Criminal Law

Bail, probation and parole systems in need of overhaul: Goldlist

By Peter Small, Contributor

Canada’s bail, probation and parole systems are keeping vulnerable offenders trapped in a revolving door, says Toronto criminal lawyer Jordana Goldlist.

“The ways in which those particular mechanisms are implemented are almost designed for failure for certain people,” she tells

It begins with bail hearings that either keep people behind bars for months or release them under unreasonable conditions, says Goldlist, principal of JHG Criminal Law.

In denying bail, justices of the peace use the catchall criteria of there being a substantial likelihood of the accused reoffending, she says.

“Do you know how many times I’ve had clients who are denied bail once — we bring a bail review; they’re denied twice — and then they’re acquitted?” Goldlist asks.

Or the Crown drops the charges after the accused has been held for six months, she says. “It’s sending people out who have absolutely no respect for the criminal justice system because they’ve actually been victimized by it.”

Some defence lawyers contribute to the problem by urging their clients to accept a plea deal in return for a lighter sentence, she says.

Goldlist has had clients come to her with two- or three-page criminal records without ever having had a trial. This impacts their future sentences, she says. “Now instead of wanting six months' jail time on a particular charge because the client has a horrible record, the Crown wants two years.”

The Canadian remand population has increased more than threefold over the last 35 years to about 40 per 100,000 residents, higher than most comparable Western European nations as well as Australia and New Zealand, according to a 2015 study by University of Ottawa criminology professor Cheryl Marie Webster.

For many of those who do succeed in making bail, like drug addicts, repeat offenders or people accused of minor crimes, release terms are too restrictive, Goldlist says.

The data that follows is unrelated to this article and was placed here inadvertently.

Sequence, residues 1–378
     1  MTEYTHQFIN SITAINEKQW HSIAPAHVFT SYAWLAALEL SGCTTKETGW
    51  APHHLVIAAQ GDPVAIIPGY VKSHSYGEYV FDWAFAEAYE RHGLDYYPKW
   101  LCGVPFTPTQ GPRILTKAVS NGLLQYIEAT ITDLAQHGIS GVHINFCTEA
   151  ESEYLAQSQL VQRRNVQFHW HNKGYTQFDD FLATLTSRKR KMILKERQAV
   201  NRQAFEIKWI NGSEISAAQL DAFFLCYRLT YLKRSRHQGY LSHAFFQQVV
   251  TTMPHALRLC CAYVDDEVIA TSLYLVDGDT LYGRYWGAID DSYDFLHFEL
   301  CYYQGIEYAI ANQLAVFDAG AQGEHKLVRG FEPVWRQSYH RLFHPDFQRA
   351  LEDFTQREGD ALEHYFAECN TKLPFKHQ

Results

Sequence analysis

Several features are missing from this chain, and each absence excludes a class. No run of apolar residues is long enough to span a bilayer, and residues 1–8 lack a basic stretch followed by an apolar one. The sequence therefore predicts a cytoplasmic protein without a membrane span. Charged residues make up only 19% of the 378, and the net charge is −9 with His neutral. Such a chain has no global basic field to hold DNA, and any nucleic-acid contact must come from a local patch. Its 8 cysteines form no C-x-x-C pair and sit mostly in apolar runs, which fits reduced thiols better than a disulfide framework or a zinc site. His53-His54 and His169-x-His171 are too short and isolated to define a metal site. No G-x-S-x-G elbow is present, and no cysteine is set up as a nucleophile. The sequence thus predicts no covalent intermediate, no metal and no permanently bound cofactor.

She has seen clients granted bail only to be rearrested for minor breaches like breaking their 8 p.m. curfew. "How does that help protect society?” she asks.

Probation, the provincially run system for supervising offenders in the community, is broken and needs to be abolished, she says.

The system should be providing offenders with work placements, education or other programs to help them become productive members of society, Goldlist says. Instead, they report to probation officers who are often too overworked to provide real help, she adds.

The parole system is also failing, she says. Although it’s supposed to help federal prisoners reintegrate into society, it’s really designed to keep them under supervision, she adds.

“There’s little or no job training, for example. My clients who have exited the system after a penitentiary sentence, all they want is to work. They want an integration that allows them to contribute in some way,” she says.

Instead, parolees are burdened with restrictive release terms, such as not consuming alcohol or not being away from their homes in the evening. “You’re telling me that when you finally taste freedom after five, 10 or 15 years, you don’t want to go out for a steak and a glass of wine? How is that harming society by allowing that?” she asks.

The system is stubbornly resistant to change because thousands of jobs depend on it, she says. “We pay probation officers. We pay police to enforce terms of probation. When the offender breaches, they go back before the court. It’s a revolving door.”

What’s needed is a thorough overhaul, she says.

“I think it’s a matter of people from different aspects of the system coming together and saying, ‘Okay what’s working? What’s not working? What’s the overall goal? Is the goal to reduce crime in society? Or is the goal just to fill up our prisons?”

Goldlist believes we need to focus on helping vulnerable offenders from their first contact with the system, offering them education, job training and programs like anger management or addictions counselling.

“I’m talking about the huge section of the justice system that affects drug addicts, people with mental health issues, people who are impoverished, young kids who are getting involved in crime because of situations at home they’re trying to escape,” she says.

“Let’s help people transition from incarceration into the community in ways that ensure they become productive members of society.”

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